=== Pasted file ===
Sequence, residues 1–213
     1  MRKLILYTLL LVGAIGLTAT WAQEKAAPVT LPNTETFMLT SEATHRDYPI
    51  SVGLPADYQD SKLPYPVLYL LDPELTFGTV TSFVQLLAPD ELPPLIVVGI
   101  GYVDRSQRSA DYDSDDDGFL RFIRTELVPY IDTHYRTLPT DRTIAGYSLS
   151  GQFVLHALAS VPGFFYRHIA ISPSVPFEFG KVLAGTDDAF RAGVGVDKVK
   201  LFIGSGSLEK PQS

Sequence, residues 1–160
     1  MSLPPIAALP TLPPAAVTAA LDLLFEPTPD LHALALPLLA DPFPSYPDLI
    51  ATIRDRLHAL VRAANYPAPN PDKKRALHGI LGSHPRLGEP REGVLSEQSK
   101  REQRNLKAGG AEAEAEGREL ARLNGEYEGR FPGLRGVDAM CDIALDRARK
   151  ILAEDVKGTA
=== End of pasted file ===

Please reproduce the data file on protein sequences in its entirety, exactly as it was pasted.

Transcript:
Sequence, residues 1–213
     1  MRKLILYTLL LVGAIGLTAT WAQEKAAPVT LPNTETFMLT SEATHRDYPI
    51  SVGLPADYQD SKLPYPVLYL LDPELTFGTV TSFVQLLAPD ELPPLIVVGI
   101  GYVDRSQRSA DYDSDDDGFL RFIRTELVPY IDTHYRTLPT DRTIAGYSLS
   151  GQFVLHALAS VPGFFYRHIA ISPSVPFEFG KVLAGTDDAF RAGVGVDKVK
   201  LFIGSGSLEK PQS

Sequence, residues 1–160
     1  MSLPPIAALP TLPPAAVTAA LDLLFEPTPD LHALALPLLA DPFPSYPDLI
    51  ATIRDRLHAL VRAANYPAPN PDKKRALHGI LGSHPRLGEP REGVLSEQSK
   101  REQRNLKAGG AEAEAEGREL ARLNGEYEGR FPGLRGVDAM CDIALDRARK
   151  ILAEDVKGTA